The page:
5 money questions to ask your partner
Although 94% of Canadians believe their partner’s money management skills are important in a relationship, about half of them wait until they’ve been dating for six months to a year before they talk about finances, and 19% never get around to “the money chat.”1 Talking about money may be uncomfortable, but research shows the earlier couples start talking about finances, the better they are at managing debt and setting financial goals together.
If you’re ready to have a financial heart-to-heart with your partner, here are five questions you can ask to get the conversation started:
1. What’s your credit score?
Asking your partner about their credit score might seem a little personal, but if lenders, landlords and employers can run a credit check on your partner, you should be able to too. If you and your partner don’t know your credit scores, you can request this information from one of the Canadian credit bureaus, TransUnion or Equifax. While you’re at it, request a copy of your credit report so you can ensure outstanding debts have been paid and that there’s no fraudulent activity on your accounts.
2. What is your total income?
It can be easier to pay down debt and set financial goals when you know how much money you have to work with. Start by sitting down with your partner and adding up your combined household income; remember to include every form of income including salaries and wages, retirement income and investment gains so you get a complete picture. This information can become your starting point as you build a realistic financial plan and set financial goals that work for both of you.
The more you work as a team, the better control you’ll each have over your household finances."
3. How much debt do you have?
It’s never too soon to have an open discussion about how much debt you’re each in and the types of debt you have. Have you or your partner racked up credit card debt, are you using lines of credit or do you have student loans? Write down your outstanding balances and add up your combined debts. Being straightforward about your current debt situation will help you plan how to pay down debts together and work towards saving for the future.
4. How do you see your role in our household finances?
Together, establish your roles when it comes to budgeting, paying bills and making financial decisions. One way to approach this is to divvy up financial tasks based on your strengths – do you bring in the most money? How are you with saving or investing? Are you the one who crunches the numbers, or do you prefer collecting coupons and finding the best deals? Once you nail down your individual roles, have regular check-ins to make sure you’re both on track. The more you work as a team, the better control you’ll each have over your household finances.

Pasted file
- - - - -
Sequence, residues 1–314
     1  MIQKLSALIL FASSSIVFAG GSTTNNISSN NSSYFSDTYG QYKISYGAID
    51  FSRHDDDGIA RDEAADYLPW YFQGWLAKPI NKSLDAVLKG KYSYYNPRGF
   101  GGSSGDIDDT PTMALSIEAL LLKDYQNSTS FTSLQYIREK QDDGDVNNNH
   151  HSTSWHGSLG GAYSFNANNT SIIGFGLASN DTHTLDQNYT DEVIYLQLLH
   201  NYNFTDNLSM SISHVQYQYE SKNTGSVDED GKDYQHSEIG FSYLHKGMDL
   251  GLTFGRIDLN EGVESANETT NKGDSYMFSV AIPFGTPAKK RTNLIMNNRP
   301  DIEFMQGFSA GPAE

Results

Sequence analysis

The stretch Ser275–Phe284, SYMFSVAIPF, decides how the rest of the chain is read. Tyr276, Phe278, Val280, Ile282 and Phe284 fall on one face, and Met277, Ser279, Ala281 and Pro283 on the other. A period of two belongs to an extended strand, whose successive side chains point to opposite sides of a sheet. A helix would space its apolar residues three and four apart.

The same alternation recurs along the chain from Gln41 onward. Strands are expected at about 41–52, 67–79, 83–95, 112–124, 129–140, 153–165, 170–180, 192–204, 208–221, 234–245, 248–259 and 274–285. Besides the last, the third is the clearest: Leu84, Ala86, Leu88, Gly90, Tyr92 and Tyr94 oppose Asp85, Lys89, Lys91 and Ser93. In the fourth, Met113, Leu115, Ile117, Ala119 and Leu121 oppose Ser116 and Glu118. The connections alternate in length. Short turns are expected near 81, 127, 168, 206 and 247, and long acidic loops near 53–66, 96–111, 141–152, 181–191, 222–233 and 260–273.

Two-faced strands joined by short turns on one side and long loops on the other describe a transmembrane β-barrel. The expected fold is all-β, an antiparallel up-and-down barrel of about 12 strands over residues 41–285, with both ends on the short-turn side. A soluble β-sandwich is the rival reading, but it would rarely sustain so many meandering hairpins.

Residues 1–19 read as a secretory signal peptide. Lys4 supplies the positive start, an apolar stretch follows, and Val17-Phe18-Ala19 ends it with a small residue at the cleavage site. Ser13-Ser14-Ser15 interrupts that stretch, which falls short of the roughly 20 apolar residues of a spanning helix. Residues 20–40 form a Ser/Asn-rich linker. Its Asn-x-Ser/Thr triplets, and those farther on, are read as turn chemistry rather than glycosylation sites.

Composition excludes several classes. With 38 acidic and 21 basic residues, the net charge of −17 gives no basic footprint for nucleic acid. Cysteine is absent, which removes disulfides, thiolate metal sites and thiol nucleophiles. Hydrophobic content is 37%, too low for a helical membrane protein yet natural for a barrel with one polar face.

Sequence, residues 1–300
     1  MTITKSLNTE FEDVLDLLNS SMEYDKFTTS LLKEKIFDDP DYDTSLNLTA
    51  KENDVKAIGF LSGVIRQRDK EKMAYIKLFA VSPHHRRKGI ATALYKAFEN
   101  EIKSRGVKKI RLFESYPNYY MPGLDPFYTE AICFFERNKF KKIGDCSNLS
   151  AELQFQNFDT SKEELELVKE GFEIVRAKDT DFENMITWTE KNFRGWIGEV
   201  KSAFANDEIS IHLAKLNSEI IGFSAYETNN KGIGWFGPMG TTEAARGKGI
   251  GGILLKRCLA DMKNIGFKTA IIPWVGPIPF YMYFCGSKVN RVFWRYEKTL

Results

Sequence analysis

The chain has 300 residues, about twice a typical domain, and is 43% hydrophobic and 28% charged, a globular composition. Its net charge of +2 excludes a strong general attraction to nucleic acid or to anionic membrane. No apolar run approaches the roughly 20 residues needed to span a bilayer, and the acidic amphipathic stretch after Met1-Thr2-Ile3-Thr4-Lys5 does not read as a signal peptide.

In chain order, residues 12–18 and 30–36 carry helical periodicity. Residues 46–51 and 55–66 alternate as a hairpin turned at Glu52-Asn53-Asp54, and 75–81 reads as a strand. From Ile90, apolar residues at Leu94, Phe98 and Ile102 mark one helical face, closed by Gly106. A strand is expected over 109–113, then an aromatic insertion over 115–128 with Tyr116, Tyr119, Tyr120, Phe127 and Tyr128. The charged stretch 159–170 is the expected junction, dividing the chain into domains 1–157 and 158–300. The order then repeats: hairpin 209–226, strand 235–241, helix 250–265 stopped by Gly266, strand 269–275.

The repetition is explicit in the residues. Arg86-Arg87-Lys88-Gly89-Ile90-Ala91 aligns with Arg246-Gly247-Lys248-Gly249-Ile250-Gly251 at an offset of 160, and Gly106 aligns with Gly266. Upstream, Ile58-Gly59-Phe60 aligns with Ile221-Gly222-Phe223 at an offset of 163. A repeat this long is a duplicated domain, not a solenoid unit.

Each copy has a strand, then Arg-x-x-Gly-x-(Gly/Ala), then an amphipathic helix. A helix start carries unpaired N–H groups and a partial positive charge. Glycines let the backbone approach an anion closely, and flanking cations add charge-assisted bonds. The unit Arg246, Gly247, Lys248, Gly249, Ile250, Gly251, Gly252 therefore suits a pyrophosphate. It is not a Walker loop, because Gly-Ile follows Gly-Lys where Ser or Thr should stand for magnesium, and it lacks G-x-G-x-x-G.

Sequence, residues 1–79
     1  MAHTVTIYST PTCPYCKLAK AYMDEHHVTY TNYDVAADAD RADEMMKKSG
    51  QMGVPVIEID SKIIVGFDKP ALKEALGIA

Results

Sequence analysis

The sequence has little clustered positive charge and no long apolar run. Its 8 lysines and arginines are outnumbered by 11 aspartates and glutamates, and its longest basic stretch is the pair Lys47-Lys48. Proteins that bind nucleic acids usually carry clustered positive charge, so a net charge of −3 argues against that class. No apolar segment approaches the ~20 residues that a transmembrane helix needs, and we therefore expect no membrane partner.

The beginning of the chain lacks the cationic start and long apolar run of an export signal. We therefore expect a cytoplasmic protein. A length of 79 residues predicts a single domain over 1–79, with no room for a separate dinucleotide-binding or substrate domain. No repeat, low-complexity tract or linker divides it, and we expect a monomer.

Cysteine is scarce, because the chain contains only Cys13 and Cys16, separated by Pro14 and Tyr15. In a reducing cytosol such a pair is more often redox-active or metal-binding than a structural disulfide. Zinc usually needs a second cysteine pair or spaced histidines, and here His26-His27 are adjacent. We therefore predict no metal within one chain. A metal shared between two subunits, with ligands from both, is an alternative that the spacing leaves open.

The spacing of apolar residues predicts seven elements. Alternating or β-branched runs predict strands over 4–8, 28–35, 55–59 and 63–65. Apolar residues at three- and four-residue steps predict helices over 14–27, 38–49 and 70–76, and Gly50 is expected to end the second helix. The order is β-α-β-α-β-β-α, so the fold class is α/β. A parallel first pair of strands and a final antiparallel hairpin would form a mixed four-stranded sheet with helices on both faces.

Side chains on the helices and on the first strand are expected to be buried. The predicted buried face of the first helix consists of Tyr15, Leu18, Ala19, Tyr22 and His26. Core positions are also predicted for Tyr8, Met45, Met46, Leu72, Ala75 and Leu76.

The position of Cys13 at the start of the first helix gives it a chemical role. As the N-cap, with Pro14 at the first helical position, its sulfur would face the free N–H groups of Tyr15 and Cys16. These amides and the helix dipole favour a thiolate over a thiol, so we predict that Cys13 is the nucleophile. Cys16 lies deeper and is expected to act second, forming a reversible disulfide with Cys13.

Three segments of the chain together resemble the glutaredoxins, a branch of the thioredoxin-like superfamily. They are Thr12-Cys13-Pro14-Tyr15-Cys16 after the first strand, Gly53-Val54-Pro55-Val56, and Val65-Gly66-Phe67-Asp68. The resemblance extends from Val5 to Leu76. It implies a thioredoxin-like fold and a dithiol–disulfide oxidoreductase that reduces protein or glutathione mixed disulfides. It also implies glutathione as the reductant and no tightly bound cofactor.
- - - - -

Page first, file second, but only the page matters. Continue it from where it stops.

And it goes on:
5. What does your financial future look like?
Ask your partner what they want to do with their money in the future, and discuss your financial goals together. Maybe one of you dreams about opening a business, while the other would like to invest in real estate. Talking about the future can help align your goals and make sure you’re both on the same page financially. Ask each other questions like what kind of lifestyle you want, how often you’d like to go on vacation and whether you’re planning to have children (and how many). Figure out how much you’ll need to save in order to reach your shared goals.
Now that you’ve had your “money chat”, you and your partner should be feeling more comfortable sharing financial decisions and managing household finances together. As your lives change, you’ll likely go through financial ups and downs, career changes and other life events. What doesn’t have to change are the conversations you have about money. Remember: being connected on financial matters can help make smart financial decisions easier along the way.
Your next task? Building a household budget together.
This article is for informational purposes only. For personalized financial advice, you should contact a qualified financial advisor.
1 “Money: It doesn’t have to be a relationship wrecker.” Financial Post. 18 May, 2013. Web.